cognitive madisonian
05-03-2009, 09:33 AM
There are those on the right who certainly attribute the flyover to the Obama administartion if not Obama himself.

I agree it's hard to define the amount of cupability the Bush adminstration has, if any, for Abu Ghraib but those found guilty of abuse are doing all the can to implicate others based on the torture memos.

That's just typical defense attorney work ;)

I recall seeing pictures of others, perhaps defense contractors, as part of the AG package. So, the culpability likely goes a little bit further than just that group of uneducated people. The same way culpability for that flyover extends beyond the pilot who did the flying. But the responsibility ends fairly low on the chain.

Anyway, I think AG should have been handled internally. The release of those photos endangered our national security and our effort to leave a stable Iraq.


Rendition to torture sites (and the use of Afghan or Iraqi interrorgators who may use torture) is also problematic, though would probably be best summarised as 'the Bush administartion was complicit in torture'.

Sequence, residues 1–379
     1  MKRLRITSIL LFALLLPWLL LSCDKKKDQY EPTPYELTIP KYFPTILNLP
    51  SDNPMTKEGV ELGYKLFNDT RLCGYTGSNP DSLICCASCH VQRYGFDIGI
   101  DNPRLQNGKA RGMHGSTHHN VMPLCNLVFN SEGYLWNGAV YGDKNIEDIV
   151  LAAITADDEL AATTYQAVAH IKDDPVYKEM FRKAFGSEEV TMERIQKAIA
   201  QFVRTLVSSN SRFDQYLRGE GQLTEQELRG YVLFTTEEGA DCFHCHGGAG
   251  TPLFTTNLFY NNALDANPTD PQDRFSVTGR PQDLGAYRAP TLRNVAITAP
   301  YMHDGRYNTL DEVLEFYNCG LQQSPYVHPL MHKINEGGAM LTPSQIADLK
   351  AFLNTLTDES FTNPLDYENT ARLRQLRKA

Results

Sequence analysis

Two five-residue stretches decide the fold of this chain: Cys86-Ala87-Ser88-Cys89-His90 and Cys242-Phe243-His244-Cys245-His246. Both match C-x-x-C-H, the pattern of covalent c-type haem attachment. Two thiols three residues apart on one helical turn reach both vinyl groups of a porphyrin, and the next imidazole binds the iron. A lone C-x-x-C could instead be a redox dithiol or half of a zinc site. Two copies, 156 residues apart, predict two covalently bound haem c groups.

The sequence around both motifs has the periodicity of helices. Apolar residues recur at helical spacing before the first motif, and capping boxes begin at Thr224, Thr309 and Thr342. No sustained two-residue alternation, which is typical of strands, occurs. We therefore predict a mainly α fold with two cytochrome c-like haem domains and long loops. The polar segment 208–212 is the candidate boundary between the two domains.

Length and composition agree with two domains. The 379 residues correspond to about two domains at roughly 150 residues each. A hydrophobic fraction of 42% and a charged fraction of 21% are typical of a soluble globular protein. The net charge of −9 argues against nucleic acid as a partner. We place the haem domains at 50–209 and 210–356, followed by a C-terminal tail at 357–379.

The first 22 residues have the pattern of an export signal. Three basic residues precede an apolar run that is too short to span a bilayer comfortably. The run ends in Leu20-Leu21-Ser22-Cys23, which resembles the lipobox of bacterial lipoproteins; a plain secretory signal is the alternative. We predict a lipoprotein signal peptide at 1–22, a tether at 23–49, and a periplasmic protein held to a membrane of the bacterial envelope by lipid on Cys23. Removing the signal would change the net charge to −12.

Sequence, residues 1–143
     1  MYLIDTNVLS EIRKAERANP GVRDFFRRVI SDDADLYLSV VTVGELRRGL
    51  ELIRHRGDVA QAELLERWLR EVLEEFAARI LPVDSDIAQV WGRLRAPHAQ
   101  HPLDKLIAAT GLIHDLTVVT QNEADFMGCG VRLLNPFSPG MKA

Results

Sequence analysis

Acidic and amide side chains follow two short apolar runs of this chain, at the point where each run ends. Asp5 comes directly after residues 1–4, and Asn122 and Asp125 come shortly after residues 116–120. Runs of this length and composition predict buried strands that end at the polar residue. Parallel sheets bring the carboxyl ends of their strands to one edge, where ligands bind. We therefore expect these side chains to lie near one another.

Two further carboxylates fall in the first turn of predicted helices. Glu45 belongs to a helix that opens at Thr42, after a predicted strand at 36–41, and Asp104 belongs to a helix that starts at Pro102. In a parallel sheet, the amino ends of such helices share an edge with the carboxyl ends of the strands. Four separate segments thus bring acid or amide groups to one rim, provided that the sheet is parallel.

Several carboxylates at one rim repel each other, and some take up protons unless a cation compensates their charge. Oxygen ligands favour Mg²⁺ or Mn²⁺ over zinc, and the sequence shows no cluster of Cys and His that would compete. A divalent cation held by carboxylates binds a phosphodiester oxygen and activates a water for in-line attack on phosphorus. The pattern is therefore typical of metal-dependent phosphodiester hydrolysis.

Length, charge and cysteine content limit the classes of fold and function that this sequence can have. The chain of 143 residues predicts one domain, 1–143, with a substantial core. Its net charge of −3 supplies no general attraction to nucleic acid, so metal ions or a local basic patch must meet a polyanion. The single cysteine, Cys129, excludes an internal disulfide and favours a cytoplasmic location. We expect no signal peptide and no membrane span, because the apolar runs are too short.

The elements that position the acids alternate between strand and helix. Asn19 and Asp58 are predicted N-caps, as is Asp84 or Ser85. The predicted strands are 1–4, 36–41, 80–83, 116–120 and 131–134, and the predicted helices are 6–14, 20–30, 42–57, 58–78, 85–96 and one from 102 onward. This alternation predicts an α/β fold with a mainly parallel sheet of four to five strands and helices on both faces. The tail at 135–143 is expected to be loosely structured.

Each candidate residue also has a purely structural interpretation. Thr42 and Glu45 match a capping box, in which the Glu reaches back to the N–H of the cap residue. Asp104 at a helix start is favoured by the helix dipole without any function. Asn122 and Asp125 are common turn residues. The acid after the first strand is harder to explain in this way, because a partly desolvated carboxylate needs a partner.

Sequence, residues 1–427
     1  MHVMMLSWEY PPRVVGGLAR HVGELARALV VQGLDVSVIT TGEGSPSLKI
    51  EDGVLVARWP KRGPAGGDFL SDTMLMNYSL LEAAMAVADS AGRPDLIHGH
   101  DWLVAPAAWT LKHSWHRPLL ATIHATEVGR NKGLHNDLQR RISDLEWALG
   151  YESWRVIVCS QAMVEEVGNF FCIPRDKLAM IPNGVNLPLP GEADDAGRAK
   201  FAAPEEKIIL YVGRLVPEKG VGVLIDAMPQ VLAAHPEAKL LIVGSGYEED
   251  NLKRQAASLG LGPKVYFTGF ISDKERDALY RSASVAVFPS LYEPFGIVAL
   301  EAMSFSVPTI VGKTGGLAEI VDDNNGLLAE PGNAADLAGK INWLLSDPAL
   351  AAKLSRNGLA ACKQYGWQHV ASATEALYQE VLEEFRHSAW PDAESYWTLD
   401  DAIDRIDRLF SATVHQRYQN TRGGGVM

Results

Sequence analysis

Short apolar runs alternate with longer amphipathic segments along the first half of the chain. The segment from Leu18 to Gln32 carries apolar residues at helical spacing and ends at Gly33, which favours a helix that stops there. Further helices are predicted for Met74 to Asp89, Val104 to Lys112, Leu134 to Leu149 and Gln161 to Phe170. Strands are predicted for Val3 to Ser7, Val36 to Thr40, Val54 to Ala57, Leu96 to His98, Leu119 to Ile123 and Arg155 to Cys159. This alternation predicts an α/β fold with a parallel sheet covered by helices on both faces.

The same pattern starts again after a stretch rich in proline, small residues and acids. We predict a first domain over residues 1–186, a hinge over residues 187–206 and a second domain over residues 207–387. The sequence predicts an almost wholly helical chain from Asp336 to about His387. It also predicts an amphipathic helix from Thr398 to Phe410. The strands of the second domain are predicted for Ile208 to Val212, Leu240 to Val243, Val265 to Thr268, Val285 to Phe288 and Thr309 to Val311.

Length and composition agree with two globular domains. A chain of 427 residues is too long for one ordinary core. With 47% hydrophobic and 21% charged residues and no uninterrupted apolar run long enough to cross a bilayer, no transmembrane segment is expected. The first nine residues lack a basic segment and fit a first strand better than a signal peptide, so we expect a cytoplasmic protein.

That program was initiated before Bush, though, and it will continue after Bush. I hold that as a simply reality of fighting a war on terrorism.

opposable_crumbs
05-03-2009, 10:00 AM
If it is accepted that the Bush whitehouse outsourced torture to either allied states, or more damagingly, to occupied client states who acted under US diktat, then doesn't case one pose real problems?

cognitive madisonian
05-03-2009, 08:39 PM
If it is accepted that the Bush whitehouse outsourced torture to either allied states, or more damagingly, to occupied client states who acted under US diktat, then doesn't case one pose real problems?

You'd still have a hard time selling it, because the claim is that the Bush administration did not torture.